Some degree of stability instilled during the brief stint of Om Prakash Mishra did not last long. The tenure of Cholendra Shumsher JB Rana—his unhealthy hobnobbing with prime ministers, accusations of corruption, internal mutiny against him by judges, and the bar’s protests lasting several months—is a tragic story better left untold. After Rana, Hari Krishna Karki could serve in the post for only around two months because of unreasonable delays deliberately caused by the political actors. After these long episodes of turbulence, a stable and responsible judiciary is being expected during Justice Bishowambhar Shrestha’s term.
Inadequate protection of judicial independence in the constitution has been blamed for the occurrence of these incidents. Therefore, a variety of reform proposals have been put forward to prevent the conversion of these incidents or similar incidents into a regular phenomenon and to further augment the independence of the judiciary.
The first variety constitutes re-composition of both the Constitutional Council and the Judicial Council. The Constitutional Council needs to be recomposed because the role of the chief justice during the events that transpired was not leveraged towards balancing the prime minister and the opposition leader to ensure the integrity of the process, but rather was abused to induce bargaining in the appointments. The Judicial Council needs to be reconstituted because its composition is skewed in favour of political figures vis-à-vis judges and can impinge on judicial independence.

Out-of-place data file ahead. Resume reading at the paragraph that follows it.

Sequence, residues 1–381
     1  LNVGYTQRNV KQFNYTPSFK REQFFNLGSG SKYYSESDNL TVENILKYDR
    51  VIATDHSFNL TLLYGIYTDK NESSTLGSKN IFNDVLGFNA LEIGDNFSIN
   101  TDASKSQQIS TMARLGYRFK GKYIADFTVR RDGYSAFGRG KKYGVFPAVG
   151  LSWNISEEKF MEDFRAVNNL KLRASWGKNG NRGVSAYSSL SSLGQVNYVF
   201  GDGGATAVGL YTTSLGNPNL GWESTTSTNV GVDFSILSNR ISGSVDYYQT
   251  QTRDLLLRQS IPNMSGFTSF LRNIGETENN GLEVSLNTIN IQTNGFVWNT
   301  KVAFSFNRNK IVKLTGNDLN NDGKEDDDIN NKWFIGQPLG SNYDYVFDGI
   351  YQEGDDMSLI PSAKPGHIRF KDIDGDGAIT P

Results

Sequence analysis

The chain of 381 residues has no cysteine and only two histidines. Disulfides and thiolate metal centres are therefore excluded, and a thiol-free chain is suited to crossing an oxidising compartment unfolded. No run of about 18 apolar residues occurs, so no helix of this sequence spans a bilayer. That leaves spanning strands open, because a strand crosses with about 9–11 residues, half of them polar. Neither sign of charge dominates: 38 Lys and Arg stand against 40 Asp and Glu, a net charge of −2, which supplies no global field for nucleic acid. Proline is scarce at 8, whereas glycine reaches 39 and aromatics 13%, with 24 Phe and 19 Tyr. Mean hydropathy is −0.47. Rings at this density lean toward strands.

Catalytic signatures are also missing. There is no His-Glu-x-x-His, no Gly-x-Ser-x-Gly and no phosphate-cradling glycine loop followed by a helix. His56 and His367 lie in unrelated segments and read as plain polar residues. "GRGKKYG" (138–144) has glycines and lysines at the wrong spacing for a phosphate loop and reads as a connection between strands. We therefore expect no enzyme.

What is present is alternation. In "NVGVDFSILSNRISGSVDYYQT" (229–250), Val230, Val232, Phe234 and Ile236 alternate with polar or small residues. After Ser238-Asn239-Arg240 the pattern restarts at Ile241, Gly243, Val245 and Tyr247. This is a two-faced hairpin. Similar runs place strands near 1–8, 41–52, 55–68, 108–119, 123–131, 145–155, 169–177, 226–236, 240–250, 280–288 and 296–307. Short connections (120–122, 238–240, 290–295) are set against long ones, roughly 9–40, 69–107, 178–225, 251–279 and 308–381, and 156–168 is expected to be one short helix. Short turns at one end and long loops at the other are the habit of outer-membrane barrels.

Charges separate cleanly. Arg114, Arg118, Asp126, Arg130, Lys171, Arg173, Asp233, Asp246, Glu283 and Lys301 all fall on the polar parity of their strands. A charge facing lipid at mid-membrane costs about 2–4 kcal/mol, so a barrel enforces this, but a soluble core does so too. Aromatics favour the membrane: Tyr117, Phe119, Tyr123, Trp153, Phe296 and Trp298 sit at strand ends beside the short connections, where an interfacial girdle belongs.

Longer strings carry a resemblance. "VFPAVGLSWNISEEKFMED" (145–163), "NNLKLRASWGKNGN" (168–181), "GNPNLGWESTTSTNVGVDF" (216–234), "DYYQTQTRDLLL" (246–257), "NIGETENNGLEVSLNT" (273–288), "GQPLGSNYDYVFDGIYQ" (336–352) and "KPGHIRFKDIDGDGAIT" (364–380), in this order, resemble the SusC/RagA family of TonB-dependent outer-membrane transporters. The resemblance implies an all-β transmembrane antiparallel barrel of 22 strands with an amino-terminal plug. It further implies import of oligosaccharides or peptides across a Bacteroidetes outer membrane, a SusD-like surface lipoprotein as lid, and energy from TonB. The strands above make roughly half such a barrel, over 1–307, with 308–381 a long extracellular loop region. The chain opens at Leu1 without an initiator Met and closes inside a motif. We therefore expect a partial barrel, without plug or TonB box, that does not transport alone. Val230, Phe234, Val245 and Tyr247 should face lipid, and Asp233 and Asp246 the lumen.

The second variety of reforms calls for abolishing the requirements to conduct parliamentary hearings. Ostensibly, the parliamentary hearing, which was designed to make judges accountable to the representatives of the people through reasoned deliberations, has sometimes morphed into a perfunctory procedure, and at other times into a platform to secure compromises from the nominees, thus failing to meet the intended constitutional setup.
The third category proposes to remove the provisions regarding automatic suspension of judges after the filing of an impeachment motion because it arguably violates the constitutional guarantee of due process, and could also be used as a potential weapon by Parliament to temporarily relieve judges from duty without following the entire steps of impeachment inquiry and dismissal. The fourth reform measure, recently put forward by the Bar, suggests fixing the tenure of judges receiving appointment at the Supreme Court to a period of seven years.
Independence without accountability
While the impetus and rationale for strengthening judicial independence can be deliberated and discussed, the scant focus on judicial accountability, the conjoined twin of judicial independence, in these reform proposals is underwhelming. Judges should also be held accountable for their actions and their duty to the population they serve, and before the law.
The notions of independence, impartiality, loyalty, virtue, equality, competence and diligence included in the Code of Conduct for Judges 2017 are mere ideal values lacking any force to make the judges accountable for their conduct and performance. Developing a framework that allows for regular, realistic, comparative and comprehensive audit of the performance of judicial work against a set of measurable standards could be one constructive step. But that is only a starting point. The fact that judiciary without accountability can be a threat to an independent judiciary should never be forgotten.